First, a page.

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GENERAL ARGUMENT TO THE WORKS AND DAYS.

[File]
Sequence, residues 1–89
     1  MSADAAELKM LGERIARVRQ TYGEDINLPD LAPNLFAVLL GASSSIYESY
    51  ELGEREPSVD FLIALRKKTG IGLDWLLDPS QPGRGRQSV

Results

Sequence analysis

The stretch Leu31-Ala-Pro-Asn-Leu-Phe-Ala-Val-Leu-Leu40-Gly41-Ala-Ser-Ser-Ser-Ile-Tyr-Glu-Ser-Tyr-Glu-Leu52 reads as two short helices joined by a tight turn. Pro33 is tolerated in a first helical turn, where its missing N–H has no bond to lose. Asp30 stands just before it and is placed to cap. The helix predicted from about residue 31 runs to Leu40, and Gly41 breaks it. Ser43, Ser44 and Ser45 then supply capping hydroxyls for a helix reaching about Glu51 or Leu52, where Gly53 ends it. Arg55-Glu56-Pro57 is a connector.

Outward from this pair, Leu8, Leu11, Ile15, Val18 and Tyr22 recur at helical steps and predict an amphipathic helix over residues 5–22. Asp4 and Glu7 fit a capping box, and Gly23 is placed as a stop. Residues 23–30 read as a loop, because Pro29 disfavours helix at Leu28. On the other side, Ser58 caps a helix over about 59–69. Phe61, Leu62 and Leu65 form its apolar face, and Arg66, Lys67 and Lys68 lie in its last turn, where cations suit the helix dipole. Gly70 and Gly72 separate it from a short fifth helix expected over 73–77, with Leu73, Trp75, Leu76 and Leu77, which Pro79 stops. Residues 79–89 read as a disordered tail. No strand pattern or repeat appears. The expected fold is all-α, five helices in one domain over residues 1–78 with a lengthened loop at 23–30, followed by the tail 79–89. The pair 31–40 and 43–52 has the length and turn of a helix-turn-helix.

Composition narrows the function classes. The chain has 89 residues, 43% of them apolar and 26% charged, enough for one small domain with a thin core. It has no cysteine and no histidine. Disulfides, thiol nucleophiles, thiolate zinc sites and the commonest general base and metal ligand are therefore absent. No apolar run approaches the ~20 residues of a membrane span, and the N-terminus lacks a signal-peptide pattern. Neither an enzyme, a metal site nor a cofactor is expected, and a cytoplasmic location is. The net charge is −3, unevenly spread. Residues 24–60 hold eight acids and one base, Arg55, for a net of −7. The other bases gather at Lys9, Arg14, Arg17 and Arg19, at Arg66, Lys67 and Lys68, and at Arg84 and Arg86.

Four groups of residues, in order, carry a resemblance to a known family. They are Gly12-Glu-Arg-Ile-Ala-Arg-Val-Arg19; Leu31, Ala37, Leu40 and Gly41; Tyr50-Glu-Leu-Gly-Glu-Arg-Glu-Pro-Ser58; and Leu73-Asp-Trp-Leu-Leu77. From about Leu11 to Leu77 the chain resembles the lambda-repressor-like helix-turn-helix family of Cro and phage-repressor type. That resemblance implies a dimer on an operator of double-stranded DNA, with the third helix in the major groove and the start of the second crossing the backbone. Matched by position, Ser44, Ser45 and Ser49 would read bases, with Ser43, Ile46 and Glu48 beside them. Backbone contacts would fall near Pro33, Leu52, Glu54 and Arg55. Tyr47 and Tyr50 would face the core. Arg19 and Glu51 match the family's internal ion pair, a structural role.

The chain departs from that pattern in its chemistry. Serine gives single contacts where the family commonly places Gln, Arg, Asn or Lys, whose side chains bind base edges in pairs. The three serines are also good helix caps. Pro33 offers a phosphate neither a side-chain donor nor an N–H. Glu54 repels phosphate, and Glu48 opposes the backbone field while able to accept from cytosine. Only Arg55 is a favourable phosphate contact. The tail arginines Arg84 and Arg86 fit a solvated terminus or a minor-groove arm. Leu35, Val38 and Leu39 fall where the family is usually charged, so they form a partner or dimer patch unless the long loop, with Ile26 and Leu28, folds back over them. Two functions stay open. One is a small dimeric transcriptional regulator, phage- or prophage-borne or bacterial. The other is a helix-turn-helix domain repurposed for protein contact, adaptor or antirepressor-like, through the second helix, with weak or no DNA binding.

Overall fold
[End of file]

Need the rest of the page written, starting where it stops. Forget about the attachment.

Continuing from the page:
FROM THE GREEK OF DANIEL HEINSIUS. The poet begins with the difference of the two and Menelaus; and such as are recorded by the contentions; and rejecting that which is actended * poet to be in the Trojan war; of whom fonie with disgrace, he advises his brother Perles to pre- perished entirely by death, and some now inhabit fer the other. One is the lover of Arife, and the the illes of the blessed. Next he describes the iron occasion of troubles: the other prompts us on to age, and the injuttice which prevailed in it. He procure the necessaries of life in a fair and honest greatly reproves the judges, and taxe, them with way. After Prometheus had by subtlery stole the corruption, in a short and beautiful fable In the fire clandestinely from Jove (the fire is by the diother part of the book, he sets before our eyes vine Plato, in his aliation to this pafrage, called the consequences of julice and injustice; and the necessaries, or abundance of life; and those are then, in the most fagacious manner, lays down called lubtle, who were folicituus afrer che abund. some of the wifest precepts to Perfes. The part ance of life), the god created a great evil, which which contains the precepts, is chiefly writ in an was Pandora, that is Fortune, who was endowed irregular, free, and easy way; and his frequent with all the gifts of the gods, meaning all the be- repetitions, which custom modern writers have 1.efits of nature: so Fortune may from thence be quite avoided, bear no small marks of his antiquifaid to have the disposal of the comforts of life; ty. He often digresses, that his brother might and from that tiine care and prudence are requir- not be tired with his precepts, because of a too ed in the management of human affairs. Before much laneness. Hence he passes to rules of ecoPrometheus had purloined the fire, all the com- nomy, beginning with agriculture. He points mon necessaries of life were near at hand, and ea- out the proper season for the plough, the harvest, fily aitained; for Saturn hail firli made a golden the viniage, and for felling wood; he shows the age of men, to which the earth yielded all her is uits of industry, and the ill consequences of fruits fpontaneously: the mortals of the golden negligence. He describes the different seasons, a je subnitted to a foft and pleasane death, and and tells us what works are proper to each, were afterwards made demons; and honour at- These are the subjects of the firn part of his Ecotended their names. To this incceeded the fecond, nomy. In procels of time, and the thirft of gain the l'iver age, worse in all things than the first, increasing in nen, every method was tried to the and better than the following; which Jupirer, o procuring liche; men begun to extend their bate, took from the earth, and made happy in commerce over the leas; for which reason the their death. Hence the porc paffts to the third, pott lail down precepts for navigation. He next the brafen age; the men of which, he says were proceeds to a recommendation of divine worship, fierce and cerrible, who ignobly fell by their own che adoration due to the immortal gods, and the folly and civil discordd; nos was their future sate various ways of paving our homage to them. He like to the other, for they defcended to hell. This concludes with a short observation on days, digeneration is followed by a race of heroes, Etco- viúing them into the good, bad, and indifferent cles and Polynices, ani, the rest who were in the first and oldcit Theban war, and Agamcoinon * I luopce Heinfius means Homer.